How To Properly Brush Your Teeth - The John Fornetti Dental Center

How To Properly Brush Your Teeth

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How to Properly Brush Your Teeth

Everyone knows it is important to brush your teeth regularly. But did you know that there are specific steps and practices you must use in order for brushing to keep your mouth healthy? It can be easy to brush improperly, but we have expert tips that will help you keep your mouth in tip-top shape.

Brush for two minutes, two times each day

Brushing for two minutes, twice each day is important because the key to good dental hygiene is being thorough and consistent. Two minutes allows you enough time to brush your teeth well, and reach every area that needs to be cleaned. Brushing twice each day is recommended because bacteria accumulate in the mouth quickly, so you must brush to clean it out frequently. Additionally, brushing twice a day allows you to get excess food out of your mouth; that why is many people brush their teeth after meals , or at least when they wake up and when they go to sleep. If you have braces, brushing several times each day is even more important, because food can become easily embedded in and around the metal.


Keep the toothbrush at a 45° angle with your gums

It may seem unusual or oddly specific, but you should brush with your toothbrush at a 45° angle to your gums. This will help the brush reach the gum line better and help it stay cleaner. The gum line is where most gingivitis-causing bacteria hide, so it is important to reach this area when you brush. This also helps minimize the wearing-down of teeth from direct brush contact.

Move the toothbrush in small, circular motions

Moving the toothbrush in circular motions is important because it helps loosen more plaque and food particles that traditional back-and-forth brushing would leave behind. Your brush should go from your gums down to your teeth, and should not miss anything in between.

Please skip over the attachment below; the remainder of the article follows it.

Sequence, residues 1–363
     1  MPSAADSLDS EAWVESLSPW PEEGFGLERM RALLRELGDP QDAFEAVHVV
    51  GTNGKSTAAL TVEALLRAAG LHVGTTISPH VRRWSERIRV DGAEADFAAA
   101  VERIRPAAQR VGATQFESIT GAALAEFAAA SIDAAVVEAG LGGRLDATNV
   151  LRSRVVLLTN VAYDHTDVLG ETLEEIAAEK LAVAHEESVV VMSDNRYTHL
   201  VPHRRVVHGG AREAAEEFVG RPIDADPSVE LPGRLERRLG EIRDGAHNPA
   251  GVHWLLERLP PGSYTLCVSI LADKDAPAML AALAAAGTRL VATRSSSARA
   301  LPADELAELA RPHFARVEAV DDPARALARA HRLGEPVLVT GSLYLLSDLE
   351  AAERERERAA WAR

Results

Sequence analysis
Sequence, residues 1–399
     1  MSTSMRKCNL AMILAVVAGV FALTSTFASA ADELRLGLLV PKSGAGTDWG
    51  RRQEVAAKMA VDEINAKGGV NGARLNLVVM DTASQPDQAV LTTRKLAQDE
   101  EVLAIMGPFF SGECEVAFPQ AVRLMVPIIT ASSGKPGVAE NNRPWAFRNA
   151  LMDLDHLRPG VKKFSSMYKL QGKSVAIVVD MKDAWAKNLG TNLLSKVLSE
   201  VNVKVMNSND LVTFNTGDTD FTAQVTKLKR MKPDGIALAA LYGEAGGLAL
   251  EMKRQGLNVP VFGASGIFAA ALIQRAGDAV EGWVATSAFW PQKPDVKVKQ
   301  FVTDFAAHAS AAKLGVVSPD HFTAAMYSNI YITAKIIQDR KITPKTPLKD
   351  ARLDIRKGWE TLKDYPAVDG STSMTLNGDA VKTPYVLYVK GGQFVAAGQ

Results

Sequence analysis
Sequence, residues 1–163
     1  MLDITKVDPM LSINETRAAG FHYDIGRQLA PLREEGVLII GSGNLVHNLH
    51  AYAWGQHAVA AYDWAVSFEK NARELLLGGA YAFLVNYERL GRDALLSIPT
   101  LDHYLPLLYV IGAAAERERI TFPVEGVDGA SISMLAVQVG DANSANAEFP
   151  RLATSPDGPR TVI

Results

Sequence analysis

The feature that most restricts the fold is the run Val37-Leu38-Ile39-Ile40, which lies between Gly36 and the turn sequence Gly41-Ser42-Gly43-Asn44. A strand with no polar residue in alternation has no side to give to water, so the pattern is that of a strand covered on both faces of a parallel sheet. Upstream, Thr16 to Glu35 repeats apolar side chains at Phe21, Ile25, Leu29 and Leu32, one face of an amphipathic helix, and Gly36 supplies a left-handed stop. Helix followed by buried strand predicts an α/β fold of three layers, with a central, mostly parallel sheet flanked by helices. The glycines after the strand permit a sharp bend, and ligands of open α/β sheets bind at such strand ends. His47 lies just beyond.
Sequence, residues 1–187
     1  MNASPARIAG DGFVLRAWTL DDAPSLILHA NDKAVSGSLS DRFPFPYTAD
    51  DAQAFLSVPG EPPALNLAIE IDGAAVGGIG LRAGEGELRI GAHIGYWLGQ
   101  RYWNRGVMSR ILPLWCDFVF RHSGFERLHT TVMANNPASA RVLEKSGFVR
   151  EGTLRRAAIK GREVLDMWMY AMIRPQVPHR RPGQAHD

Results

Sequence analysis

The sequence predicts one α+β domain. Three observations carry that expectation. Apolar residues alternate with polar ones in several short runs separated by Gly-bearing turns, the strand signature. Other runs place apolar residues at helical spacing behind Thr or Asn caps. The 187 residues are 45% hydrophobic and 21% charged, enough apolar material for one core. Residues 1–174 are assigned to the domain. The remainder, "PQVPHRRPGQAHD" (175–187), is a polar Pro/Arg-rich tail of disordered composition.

Replace your toothbrush every 3 to 4 months

Replacing your toothbrush is very important, but it is often overlooked. Over time, the bristles can become frayed and they will not do a proper cleaning job on your teeth. Toothbrushes work best when the bristles can reach from the gum to the tooth and are flexible enough to get into hard-to-reach spaces in your mouth. Furthermore, bacteria and food particles can build up on the toothbrush, and no one wants a dirty toothbrush, right?


Brush all of your teeth

When brushing, it can be easy to miss parts of the mouth. Missing parts of your mouth while brushing can become habit, which can be quite detrimental to your dental health. All teeth, especially back molars (which are frequently missed in brushing ), must be cleaned on all surfaces, because they all collect food and bacteria throughout the day. Missing one spot several times can lead to unseen plaque buildup, which can eventually end with gingivitis and periodontal disease.


Brush your tongue, too

Brushing the tongue is important because the tongue is another bacteria hotspot . It is also often the culprit of bad breath. These problems can be solved simply by brushing, and most toothbrushes come with a dedicated tongue cleaner on the reverse side of the bristles, making it even easier to remove bacteria and food particles from the tongue.


Choose the right toothpaste

Just about any toothpaste will do for basic cleaning and bacteria removal, but there are certainly options out there if you want something specific out of your toothpaste. In our Smilecast , we mention that there are four main types of toothpaste: whitening, sensitive, tartar control and baking soda.

  • Whitening toothpaste can help with minor staining, but will truly not change the color of your teeth drastically.

  • Sensitive toothpaste can be a great option if you experience sensitivity, especially while brushing. It contains different ingredients, like potassium nitrate, that help block the pain receptors in your teeth.

  • Tartar control can be helpful, but unless you have extreme buildup, it usually hurts more than it helps with its tough chemicals.

  • Baking soda is a great option, because it can clean more deeply and whiten as well.

Lastly, it is also important to make sure that you are not allergic to any of the ingredients in your toothpaste. If you experience gum inflammation after brushing, it may be due to allergens in your toothpaste. If you are unsure, ask your dentist what toothpaste is best for you.


If you want to know more about proper brushing techniques, we would love to show you how it’s done! Call for an appointment at 906-774-0100 today!